Award-winning actor J.D. Jackson provides a moving narration of The Organ Thieves on Audible. Click here for a free sample or to place an order.
Jackson’s impressive audiobook credits include Stride Toward Freedom by Martin Luther King Jr., The Nickel Boys by Colson Whitehead, and Forever Free by historian Eric Foner.
Great commentary, reviews and interviews keep rolling in, including a column by Michael Paul Williams of the Richmond Times-Dispatch. “Black lives won’t truly matter until this nation has a change of heart,” he writes of The Organ Thieves.
Another recent addition is an interview by NPR veteran Julie Rose on her “Top of Mind” podcast and national broadcast from Brigham Young University.
Richmond magazine’s September issue featured the book in “The Color of Medicine.”
Autographed copies are still available at Chop Suey Books in Richmond. More news coming!
Thanks to friends, readers and supporters like you, The Organ Thieves keeps garnering rave reviews and media attention around the country and even over to Ireland!
I invite you to sample the rich and varied coverage, including ‘The Sit Down” with D.J. Sixsmith, host of the nationally syndicated talk show on CBS.
Signed copies of The Organ Thieves are available at Chop Suey Books in Richmond. Just give them a call at 804-422-8066 or send an email.
Thanks to Tom England for sending this photo from Midtown Scholar Bookstore in Lancaster, Pa. Keep those e-cards and letters coming!
Thanks SO MUCH to everyone who came out last week safely masked and distanced at our sidewalk launch party at Chop Suey Books in Richmond!
It was heartening to hear so much interest and support for The Organ Thieves from schoolchildren, undergraduates, medical students, physicians and other health care providers, along with so many good friends and neighbors.
A special thanks to those of you who traveled far to offer your congratulations. It was especially touching to chat with children who joined their parents to learn more about the untold story of Bruce Tucker.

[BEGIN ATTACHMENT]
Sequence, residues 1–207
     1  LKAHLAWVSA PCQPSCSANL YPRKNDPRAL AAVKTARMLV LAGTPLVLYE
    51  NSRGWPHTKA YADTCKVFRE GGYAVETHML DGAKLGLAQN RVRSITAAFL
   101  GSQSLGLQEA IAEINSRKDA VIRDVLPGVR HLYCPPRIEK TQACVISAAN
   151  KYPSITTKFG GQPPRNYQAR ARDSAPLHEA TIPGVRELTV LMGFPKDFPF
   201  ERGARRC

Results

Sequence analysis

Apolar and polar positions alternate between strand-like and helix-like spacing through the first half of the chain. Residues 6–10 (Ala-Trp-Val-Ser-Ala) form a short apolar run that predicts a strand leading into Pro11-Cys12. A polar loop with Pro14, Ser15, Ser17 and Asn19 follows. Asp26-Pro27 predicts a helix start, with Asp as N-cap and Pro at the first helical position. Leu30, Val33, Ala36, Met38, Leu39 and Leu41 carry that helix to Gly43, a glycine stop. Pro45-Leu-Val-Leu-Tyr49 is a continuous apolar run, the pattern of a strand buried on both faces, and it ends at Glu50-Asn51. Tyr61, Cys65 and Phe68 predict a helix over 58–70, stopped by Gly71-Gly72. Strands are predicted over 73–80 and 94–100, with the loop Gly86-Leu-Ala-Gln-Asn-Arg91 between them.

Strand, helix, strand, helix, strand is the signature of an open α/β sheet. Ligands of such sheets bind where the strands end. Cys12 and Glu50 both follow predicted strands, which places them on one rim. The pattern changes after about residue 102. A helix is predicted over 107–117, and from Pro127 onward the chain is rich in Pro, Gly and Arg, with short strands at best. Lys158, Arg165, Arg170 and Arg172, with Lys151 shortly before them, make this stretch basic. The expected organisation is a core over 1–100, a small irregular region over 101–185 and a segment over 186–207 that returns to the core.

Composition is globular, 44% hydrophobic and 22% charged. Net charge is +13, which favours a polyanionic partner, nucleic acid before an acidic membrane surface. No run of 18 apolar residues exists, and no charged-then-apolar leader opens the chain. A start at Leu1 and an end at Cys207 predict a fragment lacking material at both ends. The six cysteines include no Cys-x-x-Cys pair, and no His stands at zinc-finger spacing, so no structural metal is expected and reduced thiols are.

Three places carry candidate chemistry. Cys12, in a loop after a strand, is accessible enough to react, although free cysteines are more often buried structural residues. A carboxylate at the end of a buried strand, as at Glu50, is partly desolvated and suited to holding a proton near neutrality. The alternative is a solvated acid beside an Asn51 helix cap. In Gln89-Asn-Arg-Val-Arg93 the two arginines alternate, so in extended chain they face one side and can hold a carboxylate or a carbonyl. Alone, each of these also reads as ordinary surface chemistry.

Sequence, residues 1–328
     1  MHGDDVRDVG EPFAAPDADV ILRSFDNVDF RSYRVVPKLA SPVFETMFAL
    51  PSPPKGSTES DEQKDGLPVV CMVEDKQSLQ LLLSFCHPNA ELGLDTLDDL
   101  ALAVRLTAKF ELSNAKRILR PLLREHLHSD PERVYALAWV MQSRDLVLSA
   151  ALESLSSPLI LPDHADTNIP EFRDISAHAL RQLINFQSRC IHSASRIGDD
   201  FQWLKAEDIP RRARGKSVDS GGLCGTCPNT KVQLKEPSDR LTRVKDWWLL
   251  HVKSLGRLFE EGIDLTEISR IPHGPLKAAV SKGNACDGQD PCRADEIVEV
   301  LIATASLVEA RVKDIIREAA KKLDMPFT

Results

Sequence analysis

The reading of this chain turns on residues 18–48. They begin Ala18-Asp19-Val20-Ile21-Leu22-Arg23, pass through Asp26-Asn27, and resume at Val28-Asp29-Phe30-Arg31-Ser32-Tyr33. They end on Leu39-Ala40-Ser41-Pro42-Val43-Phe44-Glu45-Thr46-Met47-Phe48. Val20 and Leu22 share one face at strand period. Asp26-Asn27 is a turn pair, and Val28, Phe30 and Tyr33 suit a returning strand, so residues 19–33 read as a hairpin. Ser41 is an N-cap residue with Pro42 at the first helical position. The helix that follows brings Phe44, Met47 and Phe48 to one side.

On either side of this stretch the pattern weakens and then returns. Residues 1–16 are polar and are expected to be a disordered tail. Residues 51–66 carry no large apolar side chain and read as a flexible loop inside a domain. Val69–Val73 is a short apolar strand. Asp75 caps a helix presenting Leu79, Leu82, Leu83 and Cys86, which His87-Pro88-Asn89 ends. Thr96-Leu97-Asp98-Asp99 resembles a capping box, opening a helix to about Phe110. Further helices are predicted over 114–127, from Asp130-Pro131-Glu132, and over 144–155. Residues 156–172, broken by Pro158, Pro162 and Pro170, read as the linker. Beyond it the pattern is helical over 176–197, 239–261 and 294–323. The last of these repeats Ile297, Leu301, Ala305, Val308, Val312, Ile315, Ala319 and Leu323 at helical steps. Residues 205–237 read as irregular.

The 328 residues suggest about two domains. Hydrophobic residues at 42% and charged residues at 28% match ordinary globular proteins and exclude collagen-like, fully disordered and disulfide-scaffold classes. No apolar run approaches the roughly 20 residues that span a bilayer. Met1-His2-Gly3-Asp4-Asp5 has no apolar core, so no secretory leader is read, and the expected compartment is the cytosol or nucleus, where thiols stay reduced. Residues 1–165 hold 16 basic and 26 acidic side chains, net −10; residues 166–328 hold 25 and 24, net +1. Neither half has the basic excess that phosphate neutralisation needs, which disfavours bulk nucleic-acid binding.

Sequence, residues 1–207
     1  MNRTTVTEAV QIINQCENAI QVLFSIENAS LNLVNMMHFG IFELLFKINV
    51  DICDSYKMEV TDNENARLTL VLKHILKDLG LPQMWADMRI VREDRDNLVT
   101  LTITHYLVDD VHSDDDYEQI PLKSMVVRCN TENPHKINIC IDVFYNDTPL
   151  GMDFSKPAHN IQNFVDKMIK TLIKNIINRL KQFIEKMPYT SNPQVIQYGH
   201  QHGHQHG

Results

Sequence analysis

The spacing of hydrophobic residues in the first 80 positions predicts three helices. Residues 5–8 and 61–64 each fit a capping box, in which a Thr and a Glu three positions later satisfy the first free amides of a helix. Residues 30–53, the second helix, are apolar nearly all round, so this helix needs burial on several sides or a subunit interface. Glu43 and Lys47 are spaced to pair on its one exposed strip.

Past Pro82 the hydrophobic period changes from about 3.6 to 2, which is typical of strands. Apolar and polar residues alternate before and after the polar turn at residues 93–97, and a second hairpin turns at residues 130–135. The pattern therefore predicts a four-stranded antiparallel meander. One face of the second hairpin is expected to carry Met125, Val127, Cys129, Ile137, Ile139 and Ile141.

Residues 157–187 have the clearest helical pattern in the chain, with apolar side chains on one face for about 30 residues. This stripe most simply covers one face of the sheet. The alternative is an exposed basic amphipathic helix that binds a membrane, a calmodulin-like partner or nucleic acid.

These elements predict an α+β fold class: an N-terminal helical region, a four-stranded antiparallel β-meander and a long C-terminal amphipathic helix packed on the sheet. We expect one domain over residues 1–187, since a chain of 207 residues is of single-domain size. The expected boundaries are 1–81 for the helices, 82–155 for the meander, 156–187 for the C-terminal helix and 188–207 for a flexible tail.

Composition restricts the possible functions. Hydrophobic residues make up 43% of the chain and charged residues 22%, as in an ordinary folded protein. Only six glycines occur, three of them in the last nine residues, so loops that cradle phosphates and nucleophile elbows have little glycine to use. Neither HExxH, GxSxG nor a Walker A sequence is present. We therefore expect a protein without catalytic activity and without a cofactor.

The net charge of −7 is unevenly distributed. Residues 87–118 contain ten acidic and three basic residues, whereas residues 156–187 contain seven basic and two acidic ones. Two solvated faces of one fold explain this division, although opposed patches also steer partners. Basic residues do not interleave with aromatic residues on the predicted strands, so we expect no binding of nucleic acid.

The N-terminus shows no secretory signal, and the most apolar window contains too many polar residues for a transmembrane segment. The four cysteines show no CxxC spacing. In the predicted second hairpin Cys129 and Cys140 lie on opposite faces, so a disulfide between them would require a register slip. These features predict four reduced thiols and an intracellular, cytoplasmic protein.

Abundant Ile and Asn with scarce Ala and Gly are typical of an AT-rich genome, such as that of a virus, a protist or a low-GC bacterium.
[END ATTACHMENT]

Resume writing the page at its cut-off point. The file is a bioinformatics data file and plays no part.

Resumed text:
Check out recent national media coverage, including my essay in TIME.
Signed copies are still available from Chop Suey at 804-422-8066 or by email. The Organ Thieves is also sold by the usual online vendors.
Thanks again and I’ll keep you posted about any more news about the book!
Chip Invites You to an Informative Livestream Chat about Race, Unequal Health Care and Social Justice
Please join me on Instagram Live to discuss systemic racism then and now in American health care. We’ll be talking with a nationally-known expert, Dr. Shawn Utsey, a psychology professor and interim chair of African American Studies at Virginia Commonwealth University in Richmond.
Dr. Utsey and I will start at 2 p.m. Sunday, August 16 on this livesteam event sponsored by CHOP SUEY BOOKS.
Your posted comments will help guide our conversation. Not an Instagrammer? No worries! Just download the app (App Store | Google Play), then follow CHOP SUEY BOOKS. Before we begin, watch the stories bar (top of the screen) for an icon saying “Chop Suey is LIVE!”
And remember it’s not too late to get a discounted price on pre-orders of The Organ Thieves before my only local book signing August 18. Even if you can’t come by, you CAN preorder for me to CUSTOM SIGN your book for later pickup or mailing.
Hi Everyone & Welcome to my book & author website! I hope you enjoy learning more about The Organ Thieves and the back story of how I came to write it. Check out early rave reviews and comments from amazing authors and leaders from across the U.S.! And a special bonus for anyone who wants a personally signed copy — here’s a SAVE the DATE for publication day in Richmond, Virginia. I look forward to seeing you there – outside, safely masked and behind a plastic shield for everyone’s safety. Stay well and safe – and please know I sincerely appreciate your interest and support!
When Tuesday, August 18 4-6 p.m.
Where CHOP SUEY BOOKS 2913 W. Cary St. Richmond, VA 23221
What Chip Jones' OUTDOOR book signing with proper distancing and health procedures.
Pre-order The Organ Thieves at a special sale price, now!
This is BEST DEAL and a great way to keep business local to RVA!
For more information firstname.lastname@example.org or (804) 422-8066.